Does an identity exist for ALL functions?

Does an identity exist for all the functions? If not then what kinds of functions do and do not have these identities?

For example, 1 is a multiplicative identity for integers, real numbers, and complex numbers.

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The question is not clear. What do you mean by identity? –  Raskolnikov Feb 26 '12 at 17:28
@Raskolnikov I think he means functional equation. –  Pedro Tamaroff Feb 26 '12 at 17:29
@Peter I would assume so to. But the equation $f(x) = f(x)$ is a trivial functional equation satisfied by any function, and so the answer to the stated question would be trivially "yes". Perhaps the OP can enlighten us on what he/she actually has in mind. –  Willie Wong Feb 26 '12 at 17:34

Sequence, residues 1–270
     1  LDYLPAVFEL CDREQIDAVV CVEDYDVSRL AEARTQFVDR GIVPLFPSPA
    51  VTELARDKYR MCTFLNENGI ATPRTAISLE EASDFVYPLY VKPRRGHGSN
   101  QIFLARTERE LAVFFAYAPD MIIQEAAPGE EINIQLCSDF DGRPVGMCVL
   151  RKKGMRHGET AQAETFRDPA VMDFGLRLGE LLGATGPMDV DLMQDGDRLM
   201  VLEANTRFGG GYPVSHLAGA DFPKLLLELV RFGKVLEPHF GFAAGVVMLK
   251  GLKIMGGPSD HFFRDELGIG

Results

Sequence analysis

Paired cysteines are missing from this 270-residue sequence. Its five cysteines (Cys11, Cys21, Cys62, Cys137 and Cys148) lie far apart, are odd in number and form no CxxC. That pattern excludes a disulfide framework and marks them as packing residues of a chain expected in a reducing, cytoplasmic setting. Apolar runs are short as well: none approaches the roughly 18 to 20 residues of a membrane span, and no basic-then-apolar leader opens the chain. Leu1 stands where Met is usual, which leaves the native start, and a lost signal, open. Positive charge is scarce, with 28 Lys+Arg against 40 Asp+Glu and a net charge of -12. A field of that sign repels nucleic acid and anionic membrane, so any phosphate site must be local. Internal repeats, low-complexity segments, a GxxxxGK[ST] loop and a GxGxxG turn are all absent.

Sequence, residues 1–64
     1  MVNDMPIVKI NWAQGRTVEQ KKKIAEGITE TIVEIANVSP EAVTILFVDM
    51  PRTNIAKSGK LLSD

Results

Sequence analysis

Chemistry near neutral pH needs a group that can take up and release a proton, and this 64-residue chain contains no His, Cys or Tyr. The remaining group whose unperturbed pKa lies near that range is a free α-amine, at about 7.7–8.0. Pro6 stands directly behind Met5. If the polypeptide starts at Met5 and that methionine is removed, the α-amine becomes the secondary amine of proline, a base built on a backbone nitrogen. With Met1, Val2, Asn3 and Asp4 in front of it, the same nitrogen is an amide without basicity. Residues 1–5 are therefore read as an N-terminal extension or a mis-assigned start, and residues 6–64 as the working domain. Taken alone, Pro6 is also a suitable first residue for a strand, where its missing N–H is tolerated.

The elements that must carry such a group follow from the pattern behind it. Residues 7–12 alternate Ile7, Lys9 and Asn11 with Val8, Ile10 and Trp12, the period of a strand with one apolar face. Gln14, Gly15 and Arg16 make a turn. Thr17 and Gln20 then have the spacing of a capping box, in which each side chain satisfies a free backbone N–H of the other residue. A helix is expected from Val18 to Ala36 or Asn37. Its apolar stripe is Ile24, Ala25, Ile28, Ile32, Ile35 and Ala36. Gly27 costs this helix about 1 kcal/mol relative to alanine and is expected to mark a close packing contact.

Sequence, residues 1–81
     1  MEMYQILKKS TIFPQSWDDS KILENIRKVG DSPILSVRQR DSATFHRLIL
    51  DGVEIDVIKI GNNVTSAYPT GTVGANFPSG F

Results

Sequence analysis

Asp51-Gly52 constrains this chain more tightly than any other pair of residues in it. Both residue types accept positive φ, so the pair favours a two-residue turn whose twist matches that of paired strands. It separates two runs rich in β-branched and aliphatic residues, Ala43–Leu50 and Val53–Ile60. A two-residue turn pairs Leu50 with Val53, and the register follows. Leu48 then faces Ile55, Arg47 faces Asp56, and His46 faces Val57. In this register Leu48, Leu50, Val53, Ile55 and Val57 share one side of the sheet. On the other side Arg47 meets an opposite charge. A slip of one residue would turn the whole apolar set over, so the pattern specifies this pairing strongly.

I suspect it may be something like: for a function $f:S^2 \to S$ there is a value $i \in S$ such that for all $x \in S$ you have $f(x,i)=x$. Perhaps you also need $f(i,x)=x$. –  Henry Feb 26 '12 at 18:06
"Most" binary functions do not have an identity. A couple of simple explicit examples are the $\min$ and $\max$ functions on the integers or the real numbers. However, $\max$ has an identity on the natural numbers... –  Rahul Feb 26 '12 at 18:15

The answer to your question is no. For example, let the binary operation \$on the real numbers as be defined as$x\$y=|x|+|y|+1$. Then there is no left or right identity element for \$(because we always have$|x\$y|>|x|$ and $|x\$y|>|y|$). You can also have binary operations that have a left identity but not a right identity, or vice versa. For example, let$x\%y=|x|+y-7$. Then$7\%y=y$for any$y\$, but there is no number that plays the same role as 7 on the right-hand side.